Laws from 'Henry II to Edward III', in a Legal Compilation
Medium: Ink and pigments on vellum
A large compilation of documents relating to English law, this manuscript is only part of the original book, with others now kept by the Corporation of London and Oriel College, Oxford. Compiled about 1321, it appears to have been connected with Andrew Horn, Bridge Street fishmonger and Chamberlain of the City of London who bequeathed the manuscript to the City upon his death in 1328. Written by several scribes, it was decorated by a team of artists, some of whom were working in a style seen in luxurious contemporary manuscripts from London, such as the 'Queen Mary Psalter' (now in the British Library). Its visual impressiveness and chronological ordering (not done since the 10th century) places its purpose beyond the utilitarian law book, perhaps as a history in times when the use and idea of law were changing.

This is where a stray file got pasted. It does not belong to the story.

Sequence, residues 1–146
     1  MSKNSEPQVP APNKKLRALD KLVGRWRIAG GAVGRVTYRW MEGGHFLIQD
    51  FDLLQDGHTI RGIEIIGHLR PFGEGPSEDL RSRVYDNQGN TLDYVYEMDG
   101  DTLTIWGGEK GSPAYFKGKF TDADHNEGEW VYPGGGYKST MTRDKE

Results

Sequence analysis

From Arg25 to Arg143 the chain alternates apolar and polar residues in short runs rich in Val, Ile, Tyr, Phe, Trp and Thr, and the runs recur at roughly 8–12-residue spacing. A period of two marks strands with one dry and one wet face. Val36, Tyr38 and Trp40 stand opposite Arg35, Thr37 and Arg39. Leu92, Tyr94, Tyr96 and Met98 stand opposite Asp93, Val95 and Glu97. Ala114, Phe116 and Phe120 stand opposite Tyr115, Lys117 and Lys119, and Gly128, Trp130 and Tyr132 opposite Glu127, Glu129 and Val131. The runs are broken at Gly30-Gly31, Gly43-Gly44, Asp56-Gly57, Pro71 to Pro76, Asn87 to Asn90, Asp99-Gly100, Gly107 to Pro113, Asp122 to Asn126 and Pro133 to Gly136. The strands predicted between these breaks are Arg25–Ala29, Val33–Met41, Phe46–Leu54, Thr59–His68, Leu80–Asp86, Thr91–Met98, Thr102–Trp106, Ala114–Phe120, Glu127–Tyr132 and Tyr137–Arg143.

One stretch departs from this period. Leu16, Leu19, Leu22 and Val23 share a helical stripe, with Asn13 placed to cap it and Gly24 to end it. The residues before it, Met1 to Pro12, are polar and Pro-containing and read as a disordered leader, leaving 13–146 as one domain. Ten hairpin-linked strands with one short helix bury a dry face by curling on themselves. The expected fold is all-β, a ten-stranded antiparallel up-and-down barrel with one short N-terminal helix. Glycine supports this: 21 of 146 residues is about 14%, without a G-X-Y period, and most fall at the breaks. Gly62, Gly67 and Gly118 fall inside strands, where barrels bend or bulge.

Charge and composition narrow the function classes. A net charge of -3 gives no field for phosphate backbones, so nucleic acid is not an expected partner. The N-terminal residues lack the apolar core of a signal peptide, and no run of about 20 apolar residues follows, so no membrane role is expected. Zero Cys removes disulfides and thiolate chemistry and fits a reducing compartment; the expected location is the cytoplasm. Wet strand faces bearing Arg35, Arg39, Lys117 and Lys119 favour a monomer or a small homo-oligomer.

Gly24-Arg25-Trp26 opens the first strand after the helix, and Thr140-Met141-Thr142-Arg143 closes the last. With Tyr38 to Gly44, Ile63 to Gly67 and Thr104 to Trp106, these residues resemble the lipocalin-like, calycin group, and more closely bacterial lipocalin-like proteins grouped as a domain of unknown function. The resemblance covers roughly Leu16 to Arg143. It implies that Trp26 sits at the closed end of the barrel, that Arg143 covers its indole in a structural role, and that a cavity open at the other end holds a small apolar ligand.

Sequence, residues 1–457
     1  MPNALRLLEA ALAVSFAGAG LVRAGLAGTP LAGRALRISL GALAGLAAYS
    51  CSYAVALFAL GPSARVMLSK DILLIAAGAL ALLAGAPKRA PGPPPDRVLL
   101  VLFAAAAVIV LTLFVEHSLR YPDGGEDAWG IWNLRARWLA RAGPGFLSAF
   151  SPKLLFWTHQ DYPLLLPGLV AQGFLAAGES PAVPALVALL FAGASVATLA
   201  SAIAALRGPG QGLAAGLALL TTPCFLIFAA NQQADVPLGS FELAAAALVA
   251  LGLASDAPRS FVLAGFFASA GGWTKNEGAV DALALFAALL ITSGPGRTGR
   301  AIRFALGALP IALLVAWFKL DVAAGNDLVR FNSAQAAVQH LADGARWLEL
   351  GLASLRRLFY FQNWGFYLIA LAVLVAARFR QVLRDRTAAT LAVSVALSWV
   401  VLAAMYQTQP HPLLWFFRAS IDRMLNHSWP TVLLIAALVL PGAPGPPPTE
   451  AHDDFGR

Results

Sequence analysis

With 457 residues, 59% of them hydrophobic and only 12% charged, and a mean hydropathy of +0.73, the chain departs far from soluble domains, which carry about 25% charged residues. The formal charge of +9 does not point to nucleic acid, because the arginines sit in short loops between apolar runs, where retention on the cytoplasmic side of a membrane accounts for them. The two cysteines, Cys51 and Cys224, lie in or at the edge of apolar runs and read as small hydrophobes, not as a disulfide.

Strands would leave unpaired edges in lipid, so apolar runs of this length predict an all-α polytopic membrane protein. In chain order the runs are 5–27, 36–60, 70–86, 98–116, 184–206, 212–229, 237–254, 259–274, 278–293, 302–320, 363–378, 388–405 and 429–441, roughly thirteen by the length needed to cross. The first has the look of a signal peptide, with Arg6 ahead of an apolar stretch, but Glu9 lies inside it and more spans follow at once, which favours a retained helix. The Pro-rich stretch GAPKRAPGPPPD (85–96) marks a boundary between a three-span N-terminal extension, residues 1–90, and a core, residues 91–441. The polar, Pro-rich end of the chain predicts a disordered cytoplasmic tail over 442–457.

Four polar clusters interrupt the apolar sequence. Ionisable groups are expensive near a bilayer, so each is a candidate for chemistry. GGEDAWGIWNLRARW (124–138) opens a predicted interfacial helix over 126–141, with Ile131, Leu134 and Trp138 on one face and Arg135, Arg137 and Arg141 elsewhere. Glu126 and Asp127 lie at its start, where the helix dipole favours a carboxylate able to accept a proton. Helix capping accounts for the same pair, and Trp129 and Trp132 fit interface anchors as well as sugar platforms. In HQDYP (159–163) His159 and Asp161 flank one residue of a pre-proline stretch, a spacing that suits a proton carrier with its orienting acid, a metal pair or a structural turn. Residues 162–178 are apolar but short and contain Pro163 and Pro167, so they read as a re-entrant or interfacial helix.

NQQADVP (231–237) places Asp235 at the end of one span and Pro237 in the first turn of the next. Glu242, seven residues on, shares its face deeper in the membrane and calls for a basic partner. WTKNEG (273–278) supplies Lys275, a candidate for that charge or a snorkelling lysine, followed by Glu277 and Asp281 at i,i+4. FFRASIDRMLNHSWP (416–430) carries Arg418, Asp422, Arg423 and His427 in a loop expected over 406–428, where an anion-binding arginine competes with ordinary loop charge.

The inscription (probably 16th or early 17th century) at the top of the page says that this section containing laws from the "reign of Henry II to Edward III was taken from the great roll in the archives of the Tower of London and begins with a copy of Magna Carta." The portrait of a king differs in style from the 'Queen Mary Psalter' but resembles the work of some London painters working in the 1320s. It probably is meant to portray the King Edward mentioned in the sentence next to it, but if it is Edward III (1327-1377), it would be after 1326 or 1327. The arms in the lower border are Robert Cotton's elaboration of the Cotton-Bruce family. Cotton acquired the manuscript in the late 16th century.